The patriarchs owned flocks, and their descendants were granted land to settle in Egypt based on that profession.  Moshe first encountered Hashem while keeping his father-in-law’s flocks in Midian, and then “shepherded” his people out of Egypt and through the wilderness.  King David was a shepherd, giving a certain factual spin to the monarchy’s later use of the metaphor.  The prophets following Amos frequently turned to the imagery of the shepherd, both in their condemnation of the monarchy and priesthood and in their heralding the coming redemption of the kingdom in the Persian period. 

In this metaphorical sense, Amos’s forthright profession of his occupation is a powerful statement.  He see’s himself as a leader of Israel, albeit not through inheritance or temporal appointment.  Just as Yehezkiel employed the role of the watchman over a city to describe his responsibility toward the people of Yehudah, Amos uses the role of the shepherd to describe what he sees as his responsibility to guide the people in the coming crisis, surrounded as they are by menacing predators.  Amos might not be a king or a priest or a prophet in the traditional sense, but he is a leader among his people, and, like Moshe, makes himself available through his message to lead them out of the bondage of corruption and into the wilderness of imperial rule under the Assyrians.
Here it is worthwhile to know that נֹקֵד in modern Hebrew means “dot” or “point” and is the name of the pointing systems used to indicate vocalization in written Hebrew. Like these systems, Amos (and other prophets) points, leads, and directs his audience in the correct direction.


Finally, as intriguing as the identifying information Amos chooses to share with his readers (and listeners, as prophetic writings would have been shared orally in ancient times) is the information Amos chooses to withhold.  Amos does not disclose the name of his father or his clan or even his tribe.  As a rancher in a specific region, most of his ancient readers could probably deduce his ancestry accurately from his profession and location, but that is not the point.  Throughout history, and especially in cultures rooted in herding, parentage and kinship are of the utmost social importance.  That a serious individual, writing a serious work, and intending his work to be received as a prophecy that will influence individual, political, and religious institutional behavior would leave out the name of his father or fail to invoke the name of a notable ancestor is shocking.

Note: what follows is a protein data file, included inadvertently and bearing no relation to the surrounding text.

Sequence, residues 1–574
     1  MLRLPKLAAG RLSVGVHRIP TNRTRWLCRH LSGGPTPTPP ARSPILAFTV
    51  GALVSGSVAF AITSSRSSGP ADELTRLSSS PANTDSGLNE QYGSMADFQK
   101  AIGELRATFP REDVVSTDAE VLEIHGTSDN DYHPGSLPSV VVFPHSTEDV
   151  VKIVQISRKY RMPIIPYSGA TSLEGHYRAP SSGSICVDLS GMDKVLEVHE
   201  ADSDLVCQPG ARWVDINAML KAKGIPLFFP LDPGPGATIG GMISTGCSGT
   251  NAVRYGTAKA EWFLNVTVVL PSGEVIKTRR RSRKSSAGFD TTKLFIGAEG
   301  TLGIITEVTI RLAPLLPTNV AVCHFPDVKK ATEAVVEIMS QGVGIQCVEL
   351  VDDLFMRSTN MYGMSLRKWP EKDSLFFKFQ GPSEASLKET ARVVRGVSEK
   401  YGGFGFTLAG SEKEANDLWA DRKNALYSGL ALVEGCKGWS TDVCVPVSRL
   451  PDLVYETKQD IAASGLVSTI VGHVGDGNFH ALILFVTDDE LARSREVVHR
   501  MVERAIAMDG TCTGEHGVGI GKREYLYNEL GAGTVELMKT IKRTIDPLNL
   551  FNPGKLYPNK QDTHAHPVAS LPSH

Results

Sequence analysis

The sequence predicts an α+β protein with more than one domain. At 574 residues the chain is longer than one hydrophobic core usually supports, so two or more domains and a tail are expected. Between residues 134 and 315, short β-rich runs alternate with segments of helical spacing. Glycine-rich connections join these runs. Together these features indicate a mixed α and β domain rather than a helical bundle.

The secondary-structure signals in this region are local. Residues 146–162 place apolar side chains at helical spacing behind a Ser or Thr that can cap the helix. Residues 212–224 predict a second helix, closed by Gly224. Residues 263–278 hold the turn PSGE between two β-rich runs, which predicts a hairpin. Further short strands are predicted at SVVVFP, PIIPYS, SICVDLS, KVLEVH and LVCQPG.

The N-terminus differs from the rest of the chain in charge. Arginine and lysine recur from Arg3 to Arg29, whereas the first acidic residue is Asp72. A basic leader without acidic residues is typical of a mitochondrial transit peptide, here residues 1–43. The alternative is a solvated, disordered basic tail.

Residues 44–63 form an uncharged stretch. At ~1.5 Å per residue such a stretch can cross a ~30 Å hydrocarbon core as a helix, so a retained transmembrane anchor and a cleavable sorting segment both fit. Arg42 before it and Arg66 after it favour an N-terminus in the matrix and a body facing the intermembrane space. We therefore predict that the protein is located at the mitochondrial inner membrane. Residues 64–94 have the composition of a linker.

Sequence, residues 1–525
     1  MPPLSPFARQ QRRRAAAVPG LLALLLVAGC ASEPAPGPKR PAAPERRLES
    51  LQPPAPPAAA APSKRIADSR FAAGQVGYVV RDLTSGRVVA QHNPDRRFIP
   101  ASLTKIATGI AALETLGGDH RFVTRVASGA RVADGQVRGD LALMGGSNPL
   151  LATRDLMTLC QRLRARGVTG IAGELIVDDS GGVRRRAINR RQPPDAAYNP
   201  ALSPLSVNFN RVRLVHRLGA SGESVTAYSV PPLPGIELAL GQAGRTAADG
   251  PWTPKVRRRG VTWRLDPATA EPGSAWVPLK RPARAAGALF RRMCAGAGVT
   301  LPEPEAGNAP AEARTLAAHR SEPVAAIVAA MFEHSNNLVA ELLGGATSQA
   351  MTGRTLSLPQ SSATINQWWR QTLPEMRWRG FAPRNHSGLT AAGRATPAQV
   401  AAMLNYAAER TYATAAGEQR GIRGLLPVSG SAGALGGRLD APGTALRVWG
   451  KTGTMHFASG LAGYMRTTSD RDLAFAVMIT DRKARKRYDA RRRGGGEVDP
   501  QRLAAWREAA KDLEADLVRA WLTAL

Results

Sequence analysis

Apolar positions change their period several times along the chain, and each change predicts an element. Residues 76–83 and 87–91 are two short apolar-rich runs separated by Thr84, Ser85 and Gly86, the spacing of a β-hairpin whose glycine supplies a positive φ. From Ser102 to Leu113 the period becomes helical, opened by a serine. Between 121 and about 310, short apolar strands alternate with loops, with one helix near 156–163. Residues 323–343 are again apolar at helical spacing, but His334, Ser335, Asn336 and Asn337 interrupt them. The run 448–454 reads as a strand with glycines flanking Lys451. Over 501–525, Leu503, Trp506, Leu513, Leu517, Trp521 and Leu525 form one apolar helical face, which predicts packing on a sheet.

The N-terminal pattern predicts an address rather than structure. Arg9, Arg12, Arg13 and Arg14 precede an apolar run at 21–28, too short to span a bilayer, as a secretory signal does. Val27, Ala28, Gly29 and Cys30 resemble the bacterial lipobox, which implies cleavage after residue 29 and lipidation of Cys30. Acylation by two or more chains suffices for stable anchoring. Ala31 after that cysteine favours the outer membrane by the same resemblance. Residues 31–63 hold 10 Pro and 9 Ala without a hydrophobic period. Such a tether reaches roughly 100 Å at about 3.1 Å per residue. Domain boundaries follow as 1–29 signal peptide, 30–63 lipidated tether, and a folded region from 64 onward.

Instead, Amos deliberately chose to step away from his familial history and allegiances in order to deliver a message that went beyond kinship, clanship, regional politics, or even monarchical borders.  His message is one that decries the corruption of the great hereditary institutions of his time and place and announces the coming deconstruction of those institutions, not to mention the tribal inheritances of the Northern and Southern Kingdoms.  When Assyrian armies burn the fields and raze the cities, it will not matter who is a Levite or a Benyaminite or a Calevite or an Ephrathite.  It will not matter who one’s father was or who was descended from a Shofet.  It won’t even matter if you hail from Jerusalem or from Tyre.  Thus, the past is not his point.  His point is the future.  The monarchy is only as good as the individuals within it, likewise with the priesthood.  To rely on pride of pedigree or name-dropping would only serve as a distraction. Amos, therefore, chooses to stand on the merits of his own knowledge and the message he has been sent.